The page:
Controversy, Part 3: Do I Believe in God? Do I Believe in Me?

Controversy, Part 3: Do I Believe in God? Do I Believe in Me?

(Featured Image: Prince’s electric church in the music video for “Controversy,” 1981; © Warner Bros.)

Note: This is the third and last post on “Controversy”: a song that presents so much to unpack, I’ve opted to split my analysis into parts. Please read the first and second parts before proceeding.

Do I believe in God? Do I believe in me?

Of the famous questions Prince asks in the lyrics to “Controversy,” he only answers one–or two, depending on how you count them. The questions are, “Do I believe in God?” and, “Do I believe in me?” The answer–to both, presumably–is “yes.”

More even than the nuances of race and sexuality, this distinction between “God” and “me”–the sacred and the secular, the spirit and the flesh, etc.–was the prevailing theme of Prince’s career. This in itself hardly makes him unique: the “comingling of the profane and the spiritual is an age-old Black music trope,” writes cultural critic Touré. “Quite often in Black music history the erotic and the divine, or the concerns of Saturday night and Sunday morning, are close together in a song or a playing style or an album or a career”–including those of Prince progenitors like Little Richard, James Brown, Sam Cooke, Marvin Gaye, Curtis Mayfield, and others (Touré 125). But while the majority of these artists vacillated between “God’s music” and “the Devil’s,” Prince’s innovation was in combining the two: making gospel-informed music that erased the fine line between matters of the body and the soul.

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Moonbeam Levels

Moonbeam Levels

(Featured Image: Prince 4Ever, 2016; photo by Justine Walpole, © NPG Records/Warner Bros.)

This Monday, November 21, marked the seven-month “anniversary” of Prince’s untimely passing. A day later, we got the first officially-sanctioned posthumous release of his music: Prince 4Ever, a two-disc (or, for those like me living firmly in the digital era, 40-track) compilation spanning the 15 years from the release of his 1978 debut album to his acrimonious 1993 falling-out with Warner Bros. Records. Most of 4Ever is, quite frankly, not for People Like Us: the majority of its track listing overlaps with previous compilations UltimateThe Very Best of Prince, and The Hits/The B-Sides–still the O.G., as far as I’m concerned–and more often than not the versions included are the vastly inferior single edits. There are a few previously uncompiled mixes (most notably a blessedly rap-free “Alphabet St.”), as well as some deeper cuts: “Glam Slam” from 1988’s Lovesexy makes its first appearance on CD as an individually-sequenced track, and the 1989 movie tie-in “Batdance” is collected for the first time since its initial release. I also appreciate the sprinkling of fan-favorite songs, like the (amazing) 1981 U.K.-only release “Gotta Stop (Messin’ About)” and the (even more amazing) 1986 single “Mountains.” In general, though, if you’re reading this blog, there is nothing here you haven’t heard before–with one possible exception. I’m talking, of course, about “Moonbeam Levels.”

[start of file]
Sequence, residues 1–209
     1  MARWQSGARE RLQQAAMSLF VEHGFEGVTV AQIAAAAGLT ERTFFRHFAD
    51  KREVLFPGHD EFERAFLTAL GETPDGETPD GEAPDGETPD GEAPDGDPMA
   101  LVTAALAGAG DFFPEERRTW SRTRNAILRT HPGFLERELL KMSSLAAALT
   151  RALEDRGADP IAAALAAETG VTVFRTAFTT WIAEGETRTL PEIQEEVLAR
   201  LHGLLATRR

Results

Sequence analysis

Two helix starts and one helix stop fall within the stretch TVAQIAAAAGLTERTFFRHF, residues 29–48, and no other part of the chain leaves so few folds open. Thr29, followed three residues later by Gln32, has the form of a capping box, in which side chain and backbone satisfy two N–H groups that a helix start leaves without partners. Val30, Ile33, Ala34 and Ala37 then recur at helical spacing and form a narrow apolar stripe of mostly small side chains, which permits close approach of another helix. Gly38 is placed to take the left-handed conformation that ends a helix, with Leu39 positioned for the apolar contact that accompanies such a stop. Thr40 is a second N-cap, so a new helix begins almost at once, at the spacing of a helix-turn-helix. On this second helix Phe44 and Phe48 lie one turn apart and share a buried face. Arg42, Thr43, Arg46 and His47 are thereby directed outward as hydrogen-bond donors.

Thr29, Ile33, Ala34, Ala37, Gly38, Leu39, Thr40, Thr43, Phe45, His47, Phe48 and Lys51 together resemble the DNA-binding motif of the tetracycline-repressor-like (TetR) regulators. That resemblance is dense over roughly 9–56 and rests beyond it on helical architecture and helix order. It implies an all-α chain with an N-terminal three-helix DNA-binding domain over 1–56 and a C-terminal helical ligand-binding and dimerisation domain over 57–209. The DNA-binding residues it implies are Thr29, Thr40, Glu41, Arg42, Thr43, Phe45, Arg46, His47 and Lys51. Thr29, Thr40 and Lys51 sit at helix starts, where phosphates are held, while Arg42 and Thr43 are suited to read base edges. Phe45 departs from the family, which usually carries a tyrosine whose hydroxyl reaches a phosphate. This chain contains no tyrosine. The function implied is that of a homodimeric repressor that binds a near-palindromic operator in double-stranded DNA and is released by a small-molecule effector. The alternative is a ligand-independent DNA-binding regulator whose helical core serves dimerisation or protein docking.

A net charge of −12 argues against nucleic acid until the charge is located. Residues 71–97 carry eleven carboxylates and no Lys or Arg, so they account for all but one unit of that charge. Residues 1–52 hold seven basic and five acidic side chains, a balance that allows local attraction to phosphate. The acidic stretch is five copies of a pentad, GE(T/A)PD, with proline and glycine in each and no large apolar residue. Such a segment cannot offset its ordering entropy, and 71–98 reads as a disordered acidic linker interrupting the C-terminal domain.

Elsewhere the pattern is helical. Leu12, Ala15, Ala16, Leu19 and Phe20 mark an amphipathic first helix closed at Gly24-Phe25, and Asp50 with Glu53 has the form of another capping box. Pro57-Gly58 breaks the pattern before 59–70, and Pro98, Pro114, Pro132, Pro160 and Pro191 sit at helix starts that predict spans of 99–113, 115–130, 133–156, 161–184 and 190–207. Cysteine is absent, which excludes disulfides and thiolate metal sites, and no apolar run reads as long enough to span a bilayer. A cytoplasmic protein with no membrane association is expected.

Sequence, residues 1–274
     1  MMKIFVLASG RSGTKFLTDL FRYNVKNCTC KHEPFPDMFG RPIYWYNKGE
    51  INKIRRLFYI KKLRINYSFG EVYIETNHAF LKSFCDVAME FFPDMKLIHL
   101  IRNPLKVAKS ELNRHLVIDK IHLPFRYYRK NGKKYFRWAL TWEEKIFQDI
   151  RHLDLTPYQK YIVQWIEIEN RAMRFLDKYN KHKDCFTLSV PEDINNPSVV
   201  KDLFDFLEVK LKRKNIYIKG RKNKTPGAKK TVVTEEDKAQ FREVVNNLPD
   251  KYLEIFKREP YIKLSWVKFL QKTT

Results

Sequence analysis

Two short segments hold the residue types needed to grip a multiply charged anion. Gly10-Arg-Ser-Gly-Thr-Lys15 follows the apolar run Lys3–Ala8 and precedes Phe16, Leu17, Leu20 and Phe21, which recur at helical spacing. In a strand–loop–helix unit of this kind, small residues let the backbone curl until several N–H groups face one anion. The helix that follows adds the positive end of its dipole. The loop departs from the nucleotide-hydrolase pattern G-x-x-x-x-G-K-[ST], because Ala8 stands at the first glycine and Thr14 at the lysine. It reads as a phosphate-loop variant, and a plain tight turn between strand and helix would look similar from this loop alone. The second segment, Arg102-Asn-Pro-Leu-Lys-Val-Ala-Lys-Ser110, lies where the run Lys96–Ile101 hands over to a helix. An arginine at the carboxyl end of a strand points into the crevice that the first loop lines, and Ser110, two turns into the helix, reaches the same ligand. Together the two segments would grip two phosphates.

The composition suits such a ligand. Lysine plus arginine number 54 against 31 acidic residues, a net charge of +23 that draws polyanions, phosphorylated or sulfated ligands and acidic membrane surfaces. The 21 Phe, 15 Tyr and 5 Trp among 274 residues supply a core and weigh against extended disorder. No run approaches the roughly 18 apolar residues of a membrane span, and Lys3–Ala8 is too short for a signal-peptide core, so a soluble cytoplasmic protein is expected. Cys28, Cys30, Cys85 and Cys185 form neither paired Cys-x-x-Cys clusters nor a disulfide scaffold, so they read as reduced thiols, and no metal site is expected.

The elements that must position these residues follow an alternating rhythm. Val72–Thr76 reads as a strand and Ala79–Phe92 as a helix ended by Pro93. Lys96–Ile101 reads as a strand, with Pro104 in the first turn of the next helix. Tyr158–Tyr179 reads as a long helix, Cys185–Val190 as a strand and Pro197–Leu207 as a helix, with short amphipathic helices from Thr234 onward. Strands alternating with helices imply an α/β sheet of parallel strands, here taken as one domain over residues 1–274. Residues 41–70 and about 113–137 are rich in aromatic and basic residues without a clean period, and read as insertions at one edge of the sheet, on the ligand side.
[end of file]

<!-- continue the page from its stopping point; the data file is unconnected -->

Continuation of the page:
Recorded toward the end of the 1999 sessions in July of 1982, “Moonbeam Levels” has been circulating since the mid-to-late 1980s, when it was initially mislabeled as “A Better Place 2 Die.” It’s acquired a reputation in the ensuing decades as one of the best, and best-known, outtakes in Prince’s voluminous catalogue. In 2013, the song even received a few noteworthy public performances: first by Elvis Costello with Princess (a.k.a. Maya Rudolph and Gretchen Lieberum) at a Carnegie Hall tribute to Prince, and later by the man himself, as part of a piano medley supporting protégée Shelby J at the City Winery in New York. Now, you know I have all kinds of opinions about Prince outtakes, but I’m not even gonna front: “Moonbeam Levels” was a great choice for the first officially-released “bootleg” to see the light of day after Prince’s death. So, now that it’s finally seen a legitimate release, I think it’s more than appropriate for us to put our usual chronological content on hold and take a closer look at the song.

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